God’s promise and provision is just like those seeds and bulbs. Once planted within the soil of our lives they will, if tended according to the instructions, give rise to a harvest of God’s unfailing love. Just as in the garden we’ve discovered that we may need to move plants to ensure they have the best chance of growing well, and at other times we lose plants and must sow the seed again, we can find ourselves wrestling with how best to realise God’s promises in the garden of our life and through the various seasons we encounter. One thing we can celebrate and be sure of is that God’s love is a given and if nothing else we can hold onto this.

However, for most people, truth has to be tangible to be believed. Yet, many of the greatest things in life are invisible, such as a parent’s love or a partner’s loyalty. We may have indication through actions, yet anyone who has experienced the joy of being loved knows that there is a reality that itself informs the action. The experience is not simply the act of kindness, but the spirit with which it is offered. We too often seek to judge God on the basis of external reference points within our lives, when in fact regardless of circumstance we can rest in the sure knowledge that God loves us and we are safe within God’s eternal embrace. This flies in the face of evidential truth and reflects the character of true love.

QUESTION: Do you struggle to hold onto God when the evidence of his love seems sparse?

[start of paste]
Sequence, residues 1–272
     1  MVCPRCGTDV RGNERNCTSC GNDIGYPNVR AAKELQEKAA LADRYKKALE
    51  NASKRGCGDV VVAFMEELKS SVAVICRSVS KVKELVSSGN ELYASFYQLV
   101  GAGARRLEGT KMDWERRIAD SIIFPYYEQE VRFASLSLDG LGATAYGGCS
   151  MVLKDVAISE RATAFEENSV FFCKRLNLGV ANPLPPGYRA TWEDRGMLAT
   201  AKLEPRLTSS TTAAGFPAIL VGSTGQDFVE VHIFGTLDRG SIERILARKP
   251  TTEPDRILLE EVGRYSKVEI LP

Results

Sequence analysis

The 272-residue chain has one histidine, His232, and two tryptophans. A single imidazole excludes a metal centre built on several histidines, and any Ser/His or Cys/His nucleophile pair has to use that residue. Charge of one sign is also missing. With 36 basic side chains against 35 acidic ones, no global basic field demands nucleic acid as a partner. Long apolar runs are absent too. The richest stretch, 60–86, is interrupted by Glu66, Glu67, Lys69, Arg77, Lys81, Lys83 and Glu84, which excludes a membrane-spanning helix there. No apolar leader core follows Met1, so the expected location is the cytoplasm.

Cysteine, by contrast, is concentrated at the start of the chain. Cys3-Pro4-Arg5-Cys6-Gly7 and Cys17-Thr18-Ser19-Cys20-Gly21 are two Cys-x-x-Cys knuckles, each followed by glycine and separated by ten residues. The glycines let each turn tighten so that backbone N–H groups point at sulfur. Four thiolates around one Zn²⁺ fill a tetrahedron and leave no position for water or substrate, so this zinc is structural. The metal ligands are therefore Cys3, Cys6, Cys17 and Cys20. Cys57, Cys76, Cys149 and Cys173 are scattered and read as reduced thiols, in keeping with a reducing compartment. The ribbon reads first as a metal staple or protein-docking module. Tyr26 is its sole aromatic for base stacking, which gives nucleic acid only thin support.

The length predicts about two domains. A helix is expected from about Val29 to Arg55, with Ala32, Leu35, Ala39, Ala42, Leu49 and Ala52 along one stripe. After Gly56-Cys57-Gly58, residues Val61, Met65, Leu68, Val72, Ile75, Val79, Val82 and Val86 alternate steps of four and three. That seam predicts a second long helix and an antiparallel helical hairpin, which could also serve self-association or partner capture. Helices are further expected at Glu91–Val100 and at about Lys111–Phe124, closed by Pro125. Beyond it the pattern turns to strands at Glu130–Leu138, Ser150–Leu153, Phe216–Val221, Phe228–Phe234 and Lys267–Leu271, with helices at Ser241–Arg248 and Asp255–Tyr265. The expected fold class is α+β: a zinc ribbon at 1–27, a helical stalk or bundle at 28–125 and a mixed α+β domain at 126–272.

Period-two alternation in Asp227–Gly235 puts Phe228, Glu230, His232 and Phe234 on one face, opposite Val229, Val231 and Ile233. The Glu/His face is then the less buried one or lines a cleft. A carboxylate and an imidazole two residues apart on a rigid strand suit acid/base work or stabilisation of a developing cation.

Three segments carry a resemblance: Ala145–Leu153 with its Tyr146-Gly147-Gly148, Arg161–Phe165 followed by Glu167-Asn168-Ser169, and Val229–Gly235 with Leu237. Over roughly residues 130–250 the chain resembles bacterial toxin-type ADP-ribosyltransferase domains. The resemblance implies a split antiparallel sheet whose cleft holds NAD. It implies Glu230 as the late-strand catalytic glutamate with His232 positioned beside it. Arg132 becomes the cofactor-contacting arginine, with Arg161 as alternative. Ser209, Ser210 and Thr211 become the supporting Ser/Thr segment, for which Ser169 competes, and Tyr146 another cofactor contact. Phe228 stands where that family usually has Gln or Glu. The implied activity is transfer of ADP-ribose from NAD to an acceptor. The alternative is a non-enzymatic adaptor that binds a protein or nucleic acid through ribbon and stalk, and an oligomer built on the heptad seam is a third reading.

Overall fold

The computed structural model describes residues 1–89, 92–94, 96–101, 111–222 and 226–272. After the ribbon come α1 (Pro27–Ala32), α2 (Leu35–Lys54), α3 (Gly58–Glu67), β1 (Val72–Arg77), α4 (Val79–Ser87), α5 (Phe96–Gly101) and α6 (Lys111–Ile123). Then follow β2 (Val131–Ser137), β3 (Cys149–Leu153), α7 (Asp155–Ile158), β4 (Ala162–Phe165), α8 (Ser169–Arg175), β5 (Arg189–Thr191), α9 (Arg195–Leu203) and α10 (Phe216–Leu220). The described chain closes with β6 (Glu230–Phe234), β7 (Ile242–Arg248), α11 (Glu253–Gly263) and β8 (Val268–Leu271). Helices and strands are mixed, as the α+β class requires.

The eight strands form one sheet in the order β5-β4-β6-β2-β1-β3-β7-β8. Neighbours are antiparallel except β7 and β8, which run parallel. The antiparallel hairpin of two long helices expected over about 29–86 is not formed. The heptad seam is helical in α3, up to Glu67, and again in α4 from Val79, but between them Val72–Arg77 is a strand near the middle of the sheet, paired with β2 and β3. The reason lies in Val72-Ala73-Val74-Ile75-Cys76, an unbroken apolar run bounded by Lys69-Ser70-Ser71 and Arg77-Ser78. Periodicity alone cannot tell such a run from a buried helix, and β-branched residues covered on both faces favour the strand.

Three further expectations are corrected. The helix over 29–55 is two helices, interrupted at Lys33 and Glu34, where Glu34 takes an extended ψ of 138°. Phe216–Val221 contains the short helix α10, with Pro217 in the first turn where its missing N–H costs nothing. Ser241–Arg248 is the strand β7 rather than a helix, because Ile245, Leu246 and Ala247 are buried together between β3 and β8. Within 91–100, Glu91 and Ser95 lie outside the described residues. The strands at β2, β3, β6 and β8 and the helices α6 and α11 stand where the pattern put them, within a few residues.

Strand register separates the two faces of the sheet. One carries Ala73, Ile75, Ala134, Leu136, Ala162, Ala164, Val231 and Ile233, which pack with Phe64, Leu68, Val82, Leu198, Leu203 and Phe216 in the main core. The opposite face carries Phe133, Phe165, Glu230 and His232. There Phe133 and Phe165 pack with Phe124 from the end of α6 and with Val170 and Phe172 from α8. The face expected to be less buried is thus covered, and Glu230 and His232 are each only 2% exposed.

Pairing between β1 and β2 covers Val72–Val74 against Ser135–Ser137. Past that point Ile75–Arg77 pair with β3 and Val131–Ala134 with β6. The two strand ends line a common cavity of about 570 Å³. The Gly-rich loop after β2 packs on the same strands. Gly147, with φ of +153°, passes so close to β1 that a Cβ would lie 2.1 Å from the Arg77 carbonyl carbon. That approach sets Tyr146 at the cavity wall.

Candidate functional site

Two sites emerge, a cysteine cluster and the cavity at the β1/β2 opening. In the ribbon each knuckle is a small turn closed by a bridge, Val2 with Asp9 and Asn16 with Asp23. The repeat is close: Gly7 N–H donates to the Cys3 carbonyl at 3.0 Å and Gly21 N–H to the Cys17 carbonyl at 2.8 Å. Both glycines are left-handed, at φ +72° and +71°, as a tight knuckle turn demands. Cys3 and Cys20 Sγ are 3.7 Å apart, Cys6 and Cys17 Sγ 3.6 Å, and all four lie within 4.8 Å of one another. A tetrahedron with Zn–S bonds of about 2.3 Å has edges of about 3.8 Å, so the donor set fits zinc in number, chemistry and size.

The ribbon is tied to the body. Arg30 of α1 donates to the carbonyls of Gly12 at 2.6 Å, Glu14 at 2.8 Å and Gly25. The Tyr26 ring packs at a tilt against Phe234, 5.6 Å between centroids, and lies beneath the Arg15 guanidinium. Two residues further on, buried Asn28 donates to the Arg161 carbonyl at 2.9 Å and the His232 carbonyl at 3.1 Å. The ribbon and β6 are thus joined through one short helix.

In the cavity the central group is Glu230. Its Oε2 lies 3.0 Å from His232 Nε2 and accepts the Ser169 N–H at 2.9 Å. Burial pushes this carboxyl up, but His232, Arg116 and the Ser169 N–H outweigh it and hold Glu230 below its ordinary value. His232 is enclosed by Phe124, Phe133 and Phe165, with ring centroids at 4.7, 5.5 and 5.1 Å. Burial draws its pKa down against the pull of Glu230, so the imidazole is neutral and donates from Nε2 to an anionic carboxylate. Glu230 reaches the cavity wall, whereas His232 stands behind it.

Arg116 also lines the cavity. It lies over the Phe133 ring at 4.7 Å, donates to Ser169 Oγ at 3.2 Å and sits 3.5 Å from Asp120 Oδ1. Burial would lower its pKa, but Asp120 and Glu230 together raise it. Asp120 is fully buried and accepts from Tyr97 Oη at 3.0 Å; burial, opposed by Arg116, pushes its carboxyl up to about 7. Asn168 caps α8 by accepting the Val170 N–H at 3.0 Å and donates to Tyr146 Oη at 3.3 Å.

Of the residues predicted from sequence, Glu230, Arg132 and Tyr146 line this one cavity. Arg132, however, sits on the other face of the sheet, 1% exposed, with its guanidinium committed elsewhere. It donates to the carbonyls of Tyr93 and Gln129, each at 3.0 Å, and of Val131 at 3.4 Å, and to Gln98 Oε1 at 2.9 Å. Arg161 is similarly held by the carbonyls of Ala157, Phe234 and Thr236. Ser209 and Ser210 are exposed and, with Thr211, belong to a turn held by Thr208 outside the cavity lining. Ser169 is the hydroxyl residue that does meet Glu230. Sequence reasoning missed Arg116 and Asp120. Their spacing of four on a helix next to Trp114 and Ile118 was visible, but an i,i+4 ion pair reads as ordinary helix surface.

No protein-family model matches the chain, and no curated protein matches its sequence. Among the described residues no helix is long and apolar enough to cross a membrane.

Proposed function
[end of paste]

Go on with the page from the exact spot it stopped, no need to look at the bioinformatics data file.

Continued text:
PRAYER: Thank you, God, for your faithful promise to keep loving me.

Day 10 - Issue 32

Day 10 - Issue 32

January 14, 2020

Ephesians 2:3-4 NLT

'All of us used to live that way, following the passionate desires and inclinations of our sinful nature. By our very nature we were subject to God’s anger, just like everyone else. But God is so rich in mercy, and he loved us so much…'

For years, I drove my family to distraction with my low boredom threshold and tendency to wear my heart on my sleeve. At times, I was loud, bombastic and acerbic with my comments. Jayne helped me by being brave enough to challenge my behaviour and by reminding me of the resource I had in Jesus. After all, what is it to become a Christian if not to be born again?

This is the great mercy of God’s incarnation and salvation. I no longer need to live according to my natural instincts. I am changed in status and in character if I choose to live the Christian life. This is mercy writ large. It took a number of years for me to recognise my own self-centred arrogance and explore the nature of humility revealed in the Gospels. Jesus led a life of service where the welfare of the ‘other’ was uppermost in his mind. His humility did not turn him into a victim but gave him the self-assurance to embrace the cross and in his hours of agony, continue serving others.